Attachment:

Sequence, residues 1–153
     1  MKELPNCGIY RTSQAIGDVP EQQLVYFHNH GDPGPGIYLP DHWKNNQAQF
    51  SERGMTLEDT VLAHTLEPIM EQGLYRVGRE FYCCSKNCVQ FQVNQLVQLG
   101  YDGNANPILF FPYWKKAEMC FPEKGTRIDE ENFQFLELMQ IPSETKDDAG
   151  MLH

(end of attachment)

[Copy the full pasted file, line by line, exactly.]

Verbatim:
Sequence, residues 1–153
     1  MKELPNCGIY RTSQAIGDVP EQQLVYFHNH GDPGPGIYLP DHWKNNQAQF
    51  SERGMTLEDT VLAHTLEPIM EQGLYRVGRE FYCCSKNCVQ FQVNQLVQLG
   101  YDGNANPILF FPYWKKAEMC FPEKGTRIDE ENFQFLELMQ IPSETKDDAG
   151  MLH